I'll be e-mailing everyone the syllabus, but there are two places to find it throughout the semester (apart from clicking on the links embedded in this paragraph. There's a linked blog page with the syllabus over there in the sidebar, in the "Pages" box. The formatting of the tables is a little wonky, though--so it's best to use it if you just want to check something quickly while you're online. If you want a copy to save or print out, better to use the "Syllabus (doc.)" link, in the "Readings" box in the sidebar. Or click here.
Getting Comfortable With the Blog
Over in the sidebar on the right (under "Pages") are guidelines for how the blog functions as a course requirement in 206/257, and some suggestions for troubleshooting. Below are two posts you can respond to for credit during this first week (half-week) of class. One is worth a single point. It's there so you can give the blog a trial run and make sure you know how to respond. The other blog post has more substance to it, so it's worth a maximum of three points (the system for grading blogs is described in the "The Blog: Rules of Engagement" page). More posts will be available for you to respond to after the first day of class, but it's a good idea to get familiar with the blog now. Please e-mail me if you run into any problems or have any questions!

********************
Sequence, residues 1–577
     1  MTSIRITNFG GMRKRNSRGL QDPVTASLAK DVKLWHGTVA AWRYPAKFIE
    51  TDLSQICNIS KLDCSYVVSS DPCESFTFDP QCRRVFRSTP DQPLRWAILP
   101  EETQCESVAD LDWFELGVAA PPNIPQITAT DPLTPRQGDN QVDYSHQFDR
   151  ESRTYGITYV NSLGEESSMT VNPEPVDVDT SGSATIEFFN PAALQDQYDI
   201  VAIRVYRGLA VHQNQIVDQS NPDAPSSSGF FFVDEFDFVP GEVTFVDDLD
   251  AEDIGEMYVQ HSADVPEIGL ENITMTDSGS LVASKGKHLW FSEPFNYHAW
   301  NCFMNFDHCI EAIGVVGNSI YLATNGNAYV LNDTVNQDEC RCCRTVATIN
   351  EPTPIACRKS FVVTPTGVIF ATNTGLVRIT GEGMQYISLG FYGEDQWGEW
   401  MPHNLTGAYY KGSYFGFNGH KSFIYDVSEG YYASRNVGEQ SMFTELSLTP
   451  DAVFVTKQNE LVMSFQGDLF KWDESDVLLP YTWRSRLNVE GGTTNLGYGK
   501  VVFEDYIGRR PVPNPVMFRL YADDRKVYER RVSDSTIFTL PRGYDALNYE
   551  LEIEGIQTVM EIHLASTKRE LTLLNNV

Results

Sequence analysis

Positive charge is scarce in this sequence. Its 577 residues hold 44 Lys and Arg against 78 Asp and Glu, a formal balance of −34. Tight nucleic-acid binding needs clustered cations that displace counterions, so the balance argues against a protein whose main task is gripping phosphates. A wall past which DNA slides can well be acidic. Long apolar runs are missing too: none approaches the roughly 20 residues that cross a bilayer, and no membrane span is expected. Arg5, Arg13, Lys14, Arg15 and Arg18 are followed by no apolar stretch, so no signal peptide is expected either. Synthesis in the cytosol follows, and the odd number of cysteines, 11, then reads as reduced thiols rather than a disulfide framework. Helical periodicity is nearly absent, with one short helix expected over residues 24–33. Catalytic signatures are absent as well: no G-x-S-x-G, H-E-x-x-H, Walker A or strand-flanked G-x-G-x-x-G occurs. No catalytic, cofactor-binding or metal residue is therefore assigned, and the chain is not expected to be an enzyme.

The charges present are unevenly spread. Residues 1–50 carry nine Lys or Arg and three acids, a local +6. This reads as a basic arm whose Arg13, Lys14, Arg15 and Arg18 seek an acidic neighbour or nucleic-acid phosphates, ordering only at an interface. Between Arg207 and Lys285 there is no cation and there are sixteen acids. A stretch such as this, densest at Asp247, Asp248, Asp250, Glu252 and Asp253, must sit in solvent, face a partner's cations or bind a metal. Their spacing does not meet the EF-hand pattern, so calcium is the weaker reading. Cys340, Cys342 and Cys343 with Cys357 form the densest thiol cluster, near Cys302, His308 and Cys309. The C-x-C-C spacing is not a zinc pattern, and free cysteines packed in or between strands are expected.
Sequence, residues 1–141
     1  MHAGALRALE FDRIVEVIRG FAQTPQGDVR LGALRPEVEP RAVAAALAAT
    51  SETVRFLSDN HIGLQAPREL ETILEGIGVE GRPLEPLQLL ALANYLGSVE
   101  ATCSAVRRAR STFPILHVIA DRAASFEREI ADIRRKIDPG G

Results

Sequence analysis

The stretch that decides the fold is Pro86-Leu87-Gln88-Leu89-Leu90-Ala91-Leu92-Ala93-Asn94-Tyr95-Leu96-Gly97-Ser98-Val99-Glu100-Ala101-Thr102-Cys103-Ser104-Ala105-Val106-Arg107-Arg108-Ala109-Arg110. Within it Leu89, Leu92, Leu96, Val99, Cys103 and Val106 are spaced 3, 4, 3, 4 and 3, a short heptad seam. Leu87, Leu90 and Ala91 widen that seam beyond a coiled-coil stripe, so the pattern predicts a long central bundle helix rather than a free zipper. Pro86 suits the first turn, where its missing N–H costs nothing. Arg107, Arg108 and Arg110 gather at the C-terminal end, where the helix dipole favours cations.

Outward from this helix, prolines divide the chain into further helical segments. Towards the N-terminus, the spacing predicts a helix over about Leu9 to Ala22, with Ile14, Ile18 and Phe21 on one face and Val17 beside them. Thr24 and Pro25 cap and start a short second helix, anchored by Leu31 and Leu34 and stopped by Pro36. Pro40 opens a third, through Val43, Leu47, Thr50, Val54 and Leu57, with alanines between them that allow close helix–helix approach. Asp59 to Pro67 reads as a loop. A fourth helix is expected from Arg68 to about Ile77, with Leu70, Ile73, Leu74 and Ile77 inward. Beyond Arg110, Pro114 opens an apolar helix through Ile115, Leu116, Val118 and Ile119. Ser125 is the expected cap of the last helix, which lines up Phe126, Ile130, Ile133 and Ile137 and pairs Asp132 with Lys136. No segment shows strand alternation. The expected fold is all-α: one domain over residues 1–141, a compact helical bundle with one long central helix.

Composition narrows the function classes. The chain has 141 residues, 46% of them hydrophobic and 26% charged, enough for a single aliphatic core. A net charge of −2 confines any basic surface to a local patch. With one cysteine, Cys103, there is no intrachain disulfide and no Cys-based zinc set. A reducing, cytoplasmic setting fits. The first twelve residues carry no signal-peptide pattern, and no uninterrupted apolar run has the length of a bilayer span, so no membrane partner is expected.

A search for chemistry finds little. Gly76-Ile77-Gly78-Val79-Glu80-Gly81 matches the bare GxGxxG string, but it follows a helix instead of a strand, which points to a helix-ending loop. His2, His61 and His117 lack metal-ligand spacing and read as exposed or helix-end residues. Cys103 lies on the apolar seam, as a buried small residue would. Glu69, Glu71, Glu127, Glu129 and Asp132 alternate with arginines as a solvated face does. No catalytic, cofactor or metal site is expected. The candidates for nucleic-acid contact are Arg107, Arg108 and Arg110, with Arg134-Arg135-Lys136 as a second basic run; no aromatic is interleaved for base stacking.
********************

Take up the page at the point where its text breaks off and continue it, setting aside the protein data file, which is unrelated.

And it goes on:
Week 1 Reading
There is no reading that you need to do in advance for our first day of class (Wednesday), but on Friday we'll start discussing Fantomina by Eliza Haywood, which you can find on pages 568 - 586 of your Longman anthology. If you find yourself baffled by class discussion on Wednesday, or if you fear that you don't have enough background information to speak with confidence in class discussion, by all means read the introduction to the Longman anthology ("The Seventeenth and Eighteenth Centuries" that begins on p. 1). The later section entitled "The Age of the Enlightenment" (p. 185 - 199) will also be helpful.